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NLRB Vows to Fight Texas “Joint Employer” Ruling

The National Labor Relations Board will appeal the recent ruling of a Texas federal judge who sided with business groups in the fight against the agency’s “joint employer” rule, it said this week (Law360, subscription).

What’s going on: “The NLRB filed a notice of appeal over U.S. District Judge J. Campbell Barker’s March ruling, which granted summary judgment” to business organizations.

  • Under a final rule issued by the NLRB last October, companies would be considered “joint employers” of franchise and contract workers if they have control over certain working conditions, such as schedule, pay and supervision—even if that control is indirect or goes unused.
  • Business groups sued the NLRB last November and called on the court to stop enforcement. Barker ruled in the groups’ favor, vacating the rule.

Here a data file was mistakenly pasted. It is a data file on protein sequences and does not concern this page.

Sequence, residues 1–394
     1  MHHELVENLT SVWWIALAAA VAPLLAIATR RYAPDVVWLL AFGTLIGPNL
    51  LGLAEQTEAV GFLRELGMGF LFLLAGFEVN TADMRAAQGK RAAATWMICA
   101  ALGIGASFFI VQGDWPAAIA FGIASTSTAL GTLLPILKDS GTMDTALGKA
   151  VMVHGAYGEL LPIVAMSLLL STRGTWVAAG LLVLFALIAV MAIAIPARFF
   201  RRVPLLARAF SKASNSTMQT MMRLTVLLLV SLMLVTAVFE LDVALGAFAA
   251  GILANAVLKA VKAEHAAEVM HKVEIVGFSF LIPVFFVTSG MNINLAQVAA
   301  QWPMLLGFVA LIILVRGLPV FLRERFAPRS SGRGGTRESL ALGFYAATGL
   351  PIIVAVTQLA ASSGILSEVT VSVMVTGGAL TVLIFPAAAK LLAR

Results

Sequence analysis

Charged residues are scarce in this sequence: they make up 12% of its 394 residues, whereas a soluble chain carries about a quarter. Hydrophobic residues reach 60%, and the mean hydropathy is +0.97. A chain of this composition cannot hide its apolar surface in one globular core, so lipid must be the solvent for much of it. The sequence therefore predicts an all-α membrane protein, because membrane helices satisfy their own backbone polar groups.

• The NLRB said it would appeal the ruling to the 5th Circuit.

In related news: President Biden last Friday vetoed a congressional resolution to repeal the “joint employer” rule.

Our view: The rule could make it more difficult for manufacturers to hire temporary workers, which could “create new disruptions in the workplace” and “exacerbate manufacturers’ ability to respond to changing market demands, including efforts to address acute workforce needs,” the NAM told the NLRB in December 2022.

  • There is a persistent manufacturing labor shortage. In fact, if current trends continue, more than 1.9 million of the up to 3.8 million jobs the U.S. is expected to need between now and 2033 are likely to go unfilled, according to a recent joint study by Deloitte and the Manufacturing Institute, the NAM’s 501(c)3 workforce development and education affiliate. 
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